|Role||Twin-engine advanced crew trainer|
|Manufacturer||Tachikawa Aircraft Company Ltd|
|First flight||Summer 1940|
|Primary user||Imperial Japanese Army Air Force|
The Ki-54 was developed in response to an Imperial Japanese Army requirement for a twin-engine advanced trainer, principally for crew training. The prototype first flew in summer 1940 and, on completing trials, entered production in 1941 as Army Type 1 Advanced Trainer Model A (Ki-54a). The Ki-54a was soon followed by the Ki-54b as Army Type 1 Operations Trainer Model B and Ki-54c as Army Type 1 Transport Model C. The Ki-54b and -c enjoyed successful careers until the end of the war. A few captured aircraft were flown after the war by various users.
- Imperial Japanese Army Air Force used them for training as per their design.
- Manchukuo Air Force Three were provided by Japan as VIP transports.
- Republic of China Air Force Nationalist Chinese (captured).
- People's Liberation Army Air Force Communist Chinese (captured): Four captured Ki-54s were used, including in 1951 to train the first class of female pilots in China. They were retired in 1952.
- Armée de l'Air At least seven Ki-54 were recovered by the French in French Indochina between 1945 and 1947, after the Japanese surrender.
- A Ki-54 fuselage is in Australia in storage at the Australian War Museum Annex. It was previously part of a playground at the RAAF Fairbairn base kindergarten.
- Another Ki-54 fuselage is stored in China at the Chinese Aviation Museum.
- An unrestored Ki-54 is on display at the Misawa Aviation & Science Museum, Japan, it was found at the bottom of Lake Towada in Aomori Prefecture on 13 August 2010. It was recovered on 5 September 2012 and has been restored for display.
- Ki-54a - unarmed pilot trainer
- Ki-54b - armed crew trainer
- Ki-54c - eight-passenger light transport, communications aircraft. Civil designation Y-59.
- Ki-54d - maritime reconnaissance/ASW, carried 8x 60-kg (132-lb) depth charges
- Ki-110 - one prototype Ki-54c of all-wood construction, destroyed in US bombing attack
- Ki-111 - projected fuel tanker (none built)
- Ki-114 - projected fuel tanker of all-wood construction (none built)
Specifications (Ki-54c light transport)Edit
- Crew: 2
- Capacity: 8
- Length: 11.94 m (39 ft 2 in)
- Wingspan: 17.9 m (58 ft 9 in)
- Height: 3.58 m (11 ft 9 in)
- Wing area: 40 m2 (430 sq ft)
- Empty weight: 2,954 kg (6,512 lb)
- Gross weight: 3,897 kg (8,591 lb)
- Powerplant: 2 × Hitachi Ha13a (Army Type 98 450hp Air Cooled Radial) 9-cylinder air-cooled radial piston engine, 380 kW (510 hp) each for take-off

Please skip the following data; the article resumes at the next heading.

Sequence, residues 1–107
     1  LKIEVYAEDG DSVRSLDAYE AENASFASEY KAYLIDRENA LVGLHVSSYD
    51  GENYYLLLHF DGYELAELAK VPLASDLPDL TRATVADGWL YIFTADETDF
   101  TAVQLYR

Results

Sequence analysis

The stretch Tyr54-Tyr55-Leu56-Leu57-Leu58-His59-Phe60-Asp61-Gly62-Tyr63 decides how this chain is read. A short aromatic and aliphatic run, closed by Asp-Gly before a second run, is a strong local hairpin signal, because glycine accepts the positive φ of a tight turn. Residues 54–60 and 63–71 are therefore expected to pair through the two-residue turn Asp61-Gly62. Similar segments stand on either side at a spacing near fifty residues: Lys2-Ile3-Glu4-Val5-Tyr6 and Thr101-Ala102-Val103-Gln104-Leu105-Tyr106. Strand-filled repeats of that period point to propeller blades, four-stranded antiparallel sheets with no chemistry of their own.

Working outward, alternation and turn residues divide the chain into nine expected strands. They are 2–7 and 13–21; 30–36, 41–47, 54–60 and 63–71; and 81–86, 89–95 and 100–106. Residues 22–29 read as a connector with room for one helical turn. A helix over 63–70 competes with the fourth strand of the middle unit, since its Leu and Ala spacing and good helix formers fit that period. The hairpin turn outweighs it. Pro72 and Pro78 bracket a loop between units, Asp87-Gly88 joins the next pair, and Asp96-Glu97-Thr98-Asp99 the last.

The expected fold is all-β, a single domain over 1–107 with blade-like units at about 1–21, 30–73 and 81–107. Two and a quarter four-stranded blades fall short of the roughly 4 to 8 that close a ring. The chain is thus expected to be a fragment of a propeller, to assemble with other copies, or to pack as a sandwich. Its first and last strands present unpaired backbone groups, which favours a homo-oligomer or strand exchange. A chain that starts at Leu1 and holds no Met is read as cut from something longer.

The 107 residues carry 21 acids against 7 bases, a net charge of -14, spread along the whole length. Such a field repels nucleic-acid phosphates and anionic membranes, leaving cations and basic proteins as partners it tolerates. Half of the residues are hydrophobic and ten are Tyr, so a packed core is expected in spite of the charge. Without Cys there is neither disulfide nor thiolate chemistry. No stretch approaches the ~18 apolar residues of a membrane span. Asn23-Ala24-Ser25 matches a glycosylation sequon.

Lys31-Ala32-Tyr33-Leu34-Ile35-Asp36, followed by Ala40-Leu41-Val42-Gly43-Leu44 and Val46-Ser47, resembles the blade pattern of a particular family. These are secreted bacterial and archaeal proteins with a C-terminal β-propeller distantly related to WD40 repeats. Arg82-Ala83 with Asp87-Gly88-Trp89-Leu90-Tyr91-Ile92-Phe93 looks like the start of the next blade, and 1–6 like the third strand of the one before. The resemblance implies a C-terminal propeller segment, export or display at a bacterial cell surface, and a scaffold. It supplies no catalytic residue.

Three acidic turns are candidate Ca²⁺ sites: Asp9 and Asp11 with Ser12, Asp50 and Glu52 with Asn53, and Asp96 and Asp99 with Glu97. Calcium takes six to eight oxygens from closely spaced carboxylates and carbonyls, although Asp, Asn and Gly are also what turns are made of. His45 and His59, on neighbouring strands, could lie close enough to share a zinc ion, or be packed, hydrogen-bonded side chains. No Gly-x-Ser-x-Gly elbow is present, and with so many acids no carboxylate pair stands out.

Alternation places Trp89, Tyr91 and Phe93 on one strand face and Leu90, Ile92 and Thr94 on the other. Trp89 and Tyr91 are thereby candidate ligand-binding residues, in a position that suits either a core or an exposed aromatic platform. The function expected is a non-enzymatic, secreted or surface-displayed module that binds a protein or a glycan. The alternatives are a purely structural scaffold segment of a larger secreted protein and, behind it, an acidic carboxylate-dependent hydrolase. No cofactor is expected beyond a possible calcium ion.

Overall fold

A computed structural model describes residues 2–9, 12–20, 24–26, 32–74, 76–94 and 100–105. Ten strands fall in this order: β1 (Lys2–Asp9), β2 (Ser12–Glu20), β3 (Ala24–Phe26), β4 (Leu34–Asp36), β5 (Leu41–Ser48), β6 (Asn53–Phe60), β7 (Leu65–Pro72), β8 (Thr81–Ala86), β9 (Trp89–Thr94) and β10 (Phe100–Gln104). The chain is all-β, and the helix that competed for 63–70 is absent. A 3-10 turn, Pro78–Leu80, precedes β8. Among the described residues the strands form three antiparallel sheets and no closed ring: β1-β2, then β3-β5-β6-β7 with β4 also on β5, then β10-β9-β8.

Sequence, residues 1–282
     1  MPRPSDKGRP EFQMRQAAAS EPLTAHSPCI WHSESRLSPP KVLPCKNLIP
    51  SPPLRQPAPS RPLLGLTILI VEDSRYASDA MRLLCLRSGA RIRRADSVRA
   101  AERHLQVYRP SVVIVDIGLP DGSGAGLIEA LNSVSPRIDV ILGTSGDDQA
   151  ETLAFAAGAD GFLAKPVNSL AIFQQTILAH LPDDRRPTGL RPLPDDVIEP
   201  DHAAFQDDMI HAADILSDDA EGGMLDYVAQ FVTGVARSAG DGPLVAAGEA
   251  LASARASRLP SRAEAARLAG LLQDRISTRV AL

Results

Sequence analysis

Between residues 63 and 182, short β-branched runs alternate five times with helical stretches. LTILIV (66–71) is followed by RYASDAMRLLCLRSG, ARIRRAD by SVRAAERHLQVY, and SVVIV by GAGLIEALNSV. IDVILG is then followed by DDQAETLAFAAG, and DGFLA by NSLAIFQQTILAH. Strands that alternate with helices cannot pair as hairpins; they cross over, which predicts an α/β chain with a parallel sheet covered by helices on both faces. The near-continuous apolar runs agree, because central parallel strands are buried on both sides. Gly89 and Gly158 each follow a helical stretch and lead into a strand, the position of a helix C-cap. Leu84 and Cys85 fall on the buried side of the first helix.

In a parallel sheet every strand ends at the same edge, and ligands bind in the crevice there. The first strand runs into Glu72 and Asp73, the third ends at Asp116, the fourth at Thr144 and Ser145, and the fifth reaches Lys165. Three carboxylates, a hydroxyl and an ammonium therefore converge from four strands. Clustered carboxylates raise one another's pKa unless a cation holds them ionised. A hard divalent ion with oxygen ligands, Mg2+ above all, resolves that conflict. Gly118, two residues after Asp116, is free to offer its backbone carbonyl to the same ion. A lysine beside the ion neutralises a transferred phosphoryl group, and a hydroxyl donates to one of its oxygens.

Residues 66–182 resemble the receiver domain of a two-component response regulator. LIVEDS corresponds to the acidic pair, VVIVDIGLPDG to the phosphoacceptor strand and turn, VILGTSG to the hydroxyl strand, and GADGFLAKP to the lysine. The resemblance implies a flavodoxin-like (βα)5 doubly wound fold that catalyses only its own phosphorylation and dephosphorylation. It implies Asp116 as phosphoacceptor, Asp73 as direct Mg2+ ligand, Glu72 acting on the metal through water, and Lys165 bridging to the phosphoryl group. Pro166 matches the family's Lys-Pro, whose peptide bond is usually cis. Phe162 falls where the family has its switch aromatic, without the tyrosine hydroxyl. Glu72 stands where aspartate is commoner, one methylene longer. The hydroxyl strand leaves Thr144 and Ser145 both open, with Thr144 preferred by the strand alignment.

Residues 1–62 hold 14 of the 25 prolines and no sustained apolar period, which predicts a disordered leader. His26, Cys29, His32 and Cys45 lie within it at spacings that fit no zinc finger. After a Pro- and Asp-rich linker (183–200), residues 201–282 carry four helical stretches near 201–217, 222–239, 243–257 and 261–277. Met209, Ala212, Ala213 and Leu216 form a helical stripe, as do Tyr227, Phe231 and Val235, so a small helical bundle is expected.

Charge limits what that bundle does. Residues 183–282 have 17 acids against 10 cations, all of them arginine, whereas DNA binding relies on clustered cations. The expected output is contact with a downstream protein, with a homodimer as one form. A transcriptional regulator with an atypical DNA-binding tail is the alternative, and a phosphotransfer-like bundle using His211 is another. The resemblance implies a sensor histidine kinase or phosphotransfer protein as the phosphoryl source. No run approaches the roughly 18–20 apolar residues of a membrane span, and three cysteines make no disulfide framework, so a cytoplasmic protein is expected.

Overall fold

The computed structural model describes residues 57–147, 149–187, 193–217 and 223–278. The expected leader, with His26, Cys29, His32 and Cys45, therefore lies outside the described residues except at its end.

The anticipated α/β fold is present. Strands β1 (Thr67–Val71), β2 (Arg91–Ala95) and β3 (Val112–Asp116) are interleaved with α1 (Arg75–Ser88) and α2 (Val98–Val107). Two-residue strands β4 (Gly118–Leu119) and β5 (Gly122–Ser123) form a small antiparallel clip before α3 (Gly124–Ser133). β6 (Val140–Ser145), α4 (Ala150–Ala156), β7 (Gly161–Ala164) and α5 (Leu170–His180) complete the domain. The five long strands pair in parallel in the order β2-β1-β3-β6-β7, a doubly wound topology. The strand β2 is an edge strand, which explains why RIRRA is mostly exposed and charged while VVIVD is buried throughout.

- 350 kW (470 hp) at 1,700 m (5,577 ft)
- Propellers: 2-bladed metal propeller
- Maximum speed: 375 km/h (233 mph, 202 kn)
- Cruise speed: 240 km/h (150 mph, 130 kn)
- Range: 960 km (600 mi, 520 nmi)
- Service ceiling: 7,180 m (23,560 ft)
- Wing loading: 97.4 kg/m2 (19.9 lb/sq ft)
- Power/mass: 0.195 kW/kg (0.119 hp/lb)
Aircraft of comparable role, configuration, and era
|Wikimedia Commons has media related to Tachikawa Ki-54.|
- Thomas, Andy (July 2008). "Vietnam Prelude". FlyPast. Stamford, Lincolnshire, England: Key Publishing (324): 70–71.
- "Anyone got pics of the AWM Ki-54?". Warbirdz Aviation Photography. Archived from the original on 12 April 2012. Retrieved 15 December 2013.
- "Tachikawa Ki-54c 'Hickory' fuselage : 10th Independent Air Brigade, Imperial Japanese Army Air Force". awm.gov.au. Australian War Memorial. Retrieved June 15, 2018.
- "Aircraft database". LPH2O. April 3, 2016.
- "旧陸軍の練習機69年ぶり地上に、青森・十和田湖で引き揚げ" [Former Army training aircraft pulled out of lake for the first time in 69 years] (in Japanese). September 5, 2012. Retrieved April 2, 2016.
- "旧陸軍練習機、十和田湖で発見…戦時中に墜落". Yomiuri Online (in Japanese). August 13, 2010. Archived from the original on August 16, 2010.
- David Mondey 1996, p. ?. harvnb error: no target: CITEREFDavid_Mondey1996 (help)
- Francillon 1979, p. 256. harvnb error: no target: CITEREFFrancillon1979 (help)
- Francillon, Ph.D., René J. Japanese Aircraft of the Pacific War. London: Putnam Aeronautical, 1979. ISBN 0-370-30251-6. (new edition 1987. ISBN 0-85177-801-1.)
- Mondey, David. The Concise Guide to Axis Aircraft of World War II. New York: Bounty Books, 1996. ISBN 1-85152-966-7.
- Soumille, Jean-Claude (September 1999). "Les avions japonais aux coleurs françaises" [Japanese Aircraft in French Colors] (in French) (78): 6–17. ISSN 1243-8650. Cite journal requires